• Network connectivity for all domain and all domain controllers from the machine where you are running the script is available.
  • Ensuring that “Remote Event Log” reading is enabled on Windows Firewalls of your domain controllers.
  • Run the script as administrator. Otherwise it will not be able to generate reports for GPO’s where you have defined ‘Security Filtering’.
  • Running the script with appropriate privileges. In my test environment it is “Enterprise Administrator”, but it is possible to create a user and add it to “Event Log Readers”, of remote domains.

Once you have all above requirements in place, copy the script on your domain controller and use it with ‘PowerShell ISE’ (Run as Administrator), however you can use ‘PowerShell’, but I always stick to “PowerShell ISE’.

Evaluating the results

The only thing, that it is needed to be done in order to have the report, is to simply ‘Dot Source’ the script. For this to work, change the directory of the PowerShell to the folder where the downloaded scripts are residing. Then start typing the name of the script, hit tab, and the name will be completed automatically. Then you need to ‘Dot Source’ the script, for that, type “. “ before the name of the script (a dot and a space). Once it is done, the script will be loaded into the memory and you can simply call the function.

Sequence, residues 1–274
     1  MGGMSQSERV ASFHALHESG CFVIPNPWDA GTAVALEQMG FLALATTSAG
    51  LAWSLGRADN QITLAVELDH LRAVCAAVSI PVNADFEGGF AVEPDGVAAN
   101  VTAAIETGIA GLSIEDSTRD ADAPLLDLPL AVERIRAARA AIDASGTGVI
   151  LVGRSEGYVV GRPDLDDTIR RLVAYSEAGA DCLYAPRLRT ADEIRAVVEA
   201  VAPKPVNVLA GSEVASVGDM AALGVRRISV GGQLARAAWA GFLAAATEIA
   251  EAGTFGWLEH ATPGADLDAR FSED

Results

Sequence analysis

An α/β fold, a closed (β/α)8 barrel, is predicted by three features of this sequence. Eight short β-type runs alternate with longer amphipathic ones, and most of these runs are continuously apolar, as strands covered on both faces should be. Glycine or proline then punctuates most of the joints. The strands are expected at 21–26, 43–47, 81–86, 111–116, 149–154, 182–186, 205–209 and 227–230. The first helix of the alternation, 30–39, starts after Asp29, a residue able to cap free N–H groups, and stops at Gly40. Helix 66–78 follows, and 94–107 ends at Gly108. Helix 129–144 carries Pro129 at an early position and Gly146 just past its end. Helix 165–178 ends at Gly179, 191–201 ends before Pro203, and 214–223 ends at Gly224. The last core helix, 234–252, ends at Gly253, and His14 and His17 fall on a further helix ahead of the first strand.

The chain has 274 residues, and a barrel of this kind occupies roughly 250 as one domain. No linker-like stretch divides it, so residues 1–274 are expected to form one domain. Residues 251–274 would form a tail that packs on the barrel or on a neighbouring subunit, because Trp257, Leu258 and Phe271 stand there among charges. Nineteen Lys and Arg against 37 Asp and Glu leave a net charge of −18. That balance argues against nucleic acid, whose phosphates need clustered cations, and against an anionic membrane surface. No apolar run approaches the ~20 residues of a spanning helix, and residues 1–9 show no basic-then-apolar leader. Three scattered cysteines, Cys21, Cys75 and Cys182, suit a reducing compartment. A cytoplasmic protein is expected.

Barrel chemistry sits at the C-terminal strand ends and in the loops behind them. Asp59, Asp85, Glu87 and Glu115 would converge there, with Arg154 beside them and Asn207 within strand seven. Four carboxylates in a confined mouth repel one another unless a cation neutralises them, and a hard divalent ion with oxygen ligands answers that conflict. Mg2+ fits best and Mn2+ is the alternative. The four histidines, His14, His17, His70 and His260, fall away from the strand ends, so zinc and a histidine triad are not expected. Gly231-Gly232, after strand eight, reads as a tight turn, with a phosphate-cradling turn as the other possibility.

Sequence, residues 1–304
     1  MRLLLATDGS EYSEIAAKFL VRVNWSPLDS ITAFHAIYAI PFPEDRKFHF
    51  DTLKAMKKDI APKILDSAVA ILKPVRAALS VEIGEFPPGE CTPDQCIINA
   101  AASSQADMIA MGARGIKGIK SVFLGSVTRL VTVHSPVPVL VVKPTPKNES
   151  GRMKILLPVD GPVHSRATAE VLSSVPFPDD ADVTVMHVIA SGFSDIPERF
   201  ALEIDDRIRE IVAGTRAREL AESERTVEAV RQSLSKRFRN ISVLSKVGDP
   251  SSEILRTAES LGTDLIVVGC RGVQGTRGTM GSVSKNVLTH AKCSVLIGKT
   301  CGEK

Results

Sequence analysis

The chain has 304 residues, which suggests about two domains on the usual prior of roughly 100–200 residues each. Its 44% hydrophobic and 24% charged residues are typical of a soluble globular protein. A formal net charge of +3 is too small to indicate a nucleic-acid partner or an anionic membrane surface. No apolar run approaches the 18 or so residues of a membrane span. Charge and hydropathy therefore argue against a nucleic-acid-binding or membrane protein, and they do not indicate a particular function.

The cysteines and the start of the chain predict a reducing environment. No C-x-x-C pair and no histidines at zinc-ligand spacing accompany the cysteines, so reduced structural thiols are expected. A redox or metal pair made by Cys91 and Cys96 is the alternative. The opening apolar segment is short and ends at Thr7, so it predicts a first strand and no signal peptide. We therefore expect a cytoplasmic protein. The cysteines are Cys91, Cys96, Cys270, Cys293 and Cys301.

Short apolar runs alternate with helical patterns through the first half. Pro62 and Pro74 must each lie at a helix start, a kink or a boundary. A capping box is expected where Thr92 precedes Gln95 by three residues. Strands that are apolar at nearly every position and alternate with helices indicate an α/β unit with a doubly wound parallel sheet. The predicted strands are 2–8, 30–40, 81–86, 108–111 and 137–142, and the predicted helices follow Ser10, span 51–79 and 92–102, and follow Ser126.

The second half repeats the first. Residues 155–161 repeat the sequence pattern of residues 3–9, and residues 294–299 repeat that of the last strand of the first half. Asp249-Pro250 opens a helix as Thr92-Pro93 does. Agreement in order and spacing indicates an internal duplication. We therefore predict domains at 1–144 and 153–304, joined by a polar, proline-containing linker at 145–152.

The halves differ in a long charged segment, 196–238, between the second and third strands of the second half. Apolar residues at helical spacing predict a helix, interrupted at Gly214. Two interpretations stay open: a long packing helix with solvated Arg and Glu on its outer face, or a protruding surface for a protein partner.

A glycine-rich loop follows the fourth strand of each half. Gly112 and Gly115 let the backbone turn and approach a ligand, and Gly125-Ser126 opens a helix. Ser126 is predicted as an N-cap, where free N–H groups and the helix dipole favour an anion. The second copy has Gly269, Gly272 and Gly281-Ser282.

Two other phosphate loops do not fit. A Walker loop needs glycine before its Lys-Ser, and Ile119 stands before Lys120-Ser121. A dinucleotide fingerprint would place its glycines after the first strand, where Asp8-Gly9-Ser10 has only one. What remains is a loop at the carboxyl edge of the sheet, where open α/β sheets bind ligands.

Call the function and script will go through the process of finding all domains and all corresponding domain controllers and eventually processing the health check. Depending on your size of environment and number of DCs and domains or network link between them, the script will take some time to complete.

Once the script is completed, the report will pop up:

So right now, the report is ready. You can take a look at the report and all information in regards with DFS and SYSVOL. Within this report, there are quite number of columns which you can gain good insight about the health of your DFS and SYSVOL by peeking through them. Since the meaning of columns is quite important, I will clarify what each column means:

  • DC: The name of the domain controller.